A year ago, when almost everyone expected the law to expand coverage, there were reasons to doubt it would become popular as a result. Those reasons still apply. A lot of people are going to lose access to their doctors, another round of premium increases is likely, and some employers will drop coverage. Obamacare won’t be responsible in all cases, but it will be responsible in many and blamed in many.
As it becomes clear to opponents that the law is not going to implode on its own, they’ll have to come up with proposals to replace it when they have the power. This is already happening. Last week, Louisiana Gov. Bobby Jindal became the latest Republican to outline a plan.
Some Republicans, however, think proposing their own health-care ideas is a mistake because it distracts from the case against Obamacare. And even those who think it’s important to advance alternatives are divided on a key question: How important is it that a replacement plan increase coverage?
More people would have coverage under Jindal’s plan than under the pre-Obamacare system. But compared to Obamacare, people would lose coverage. Does that matter?
Jindal notes that Medicaid may not improve physical health outcomes for its recipients. Insurance coverage does, however, yield a measure of financial security. For many years, federal policy has suppressed the emergence of a market that would enable almost everyone to purchase protection from catastrophic medical expenses. Undoing those policies — especially by redeploying existing federal tax breaks to help the uninsured — would allow such a market to develop. A proposal by Republican Sens. Tom Coburn, Orrin Hatch and Richard Burr that uses this approach could cover more people than Obamacare does.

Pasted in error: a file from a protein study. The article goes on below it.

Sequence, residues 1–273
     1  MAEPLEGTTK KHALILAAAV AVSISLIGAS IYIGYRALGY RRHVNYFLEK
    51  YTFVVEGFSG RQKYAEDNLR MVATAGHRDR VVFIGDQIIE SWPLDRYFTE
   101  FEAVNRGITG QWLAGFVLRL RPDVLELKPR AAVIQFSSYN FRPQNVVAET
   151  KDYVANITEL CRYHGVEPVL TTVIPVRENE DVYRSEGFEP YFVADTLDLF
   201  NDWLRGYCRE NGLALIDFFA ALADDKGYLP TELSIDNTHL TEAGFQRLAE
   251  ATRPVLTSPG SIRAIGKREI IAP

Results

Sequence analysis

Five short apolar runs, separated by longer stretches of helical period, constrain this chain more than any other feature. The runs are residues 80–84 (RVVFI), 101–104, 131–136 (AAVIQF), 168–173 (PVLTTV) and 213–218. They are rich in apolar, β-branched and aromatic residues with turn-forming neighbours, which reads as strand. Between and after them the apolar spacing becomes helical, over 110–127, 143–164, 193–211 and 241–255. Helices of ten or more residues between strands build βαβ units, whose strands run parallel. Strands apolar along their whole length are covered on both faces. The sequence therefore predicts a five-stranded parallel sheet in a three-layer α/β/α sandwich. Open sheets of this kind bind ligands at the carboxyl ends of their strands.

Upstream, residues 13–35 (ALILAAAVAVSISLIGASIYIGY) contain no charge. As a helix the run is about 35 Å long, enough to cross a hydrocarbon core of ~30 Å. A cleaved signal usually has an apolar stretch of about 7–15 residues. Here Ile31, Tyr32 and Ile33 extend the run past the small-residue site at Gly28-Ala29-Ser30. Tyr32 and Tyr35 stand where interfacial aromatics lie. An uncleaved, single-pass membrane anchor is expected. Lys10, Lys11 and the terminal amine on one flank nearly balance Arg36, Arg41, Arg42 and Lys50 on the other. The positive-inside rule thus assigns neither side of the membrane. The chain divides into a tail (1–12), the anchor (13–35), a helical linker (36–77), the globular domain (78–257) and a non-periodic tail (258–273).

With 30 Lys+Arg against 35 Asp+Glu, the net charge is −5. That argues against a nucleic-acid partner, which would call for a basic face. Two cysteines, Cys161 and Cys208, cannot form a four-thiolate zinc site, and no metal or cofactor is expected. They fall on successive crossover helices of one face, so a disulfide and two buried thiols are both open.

The higher-coverage alternative seems like a better bet for the law’s opponents, both from the perspective of winning the 2016 elections and that of actually enacting an alternative. It seems unlikely that Congress would pass legislation to strip coverage from millions of people.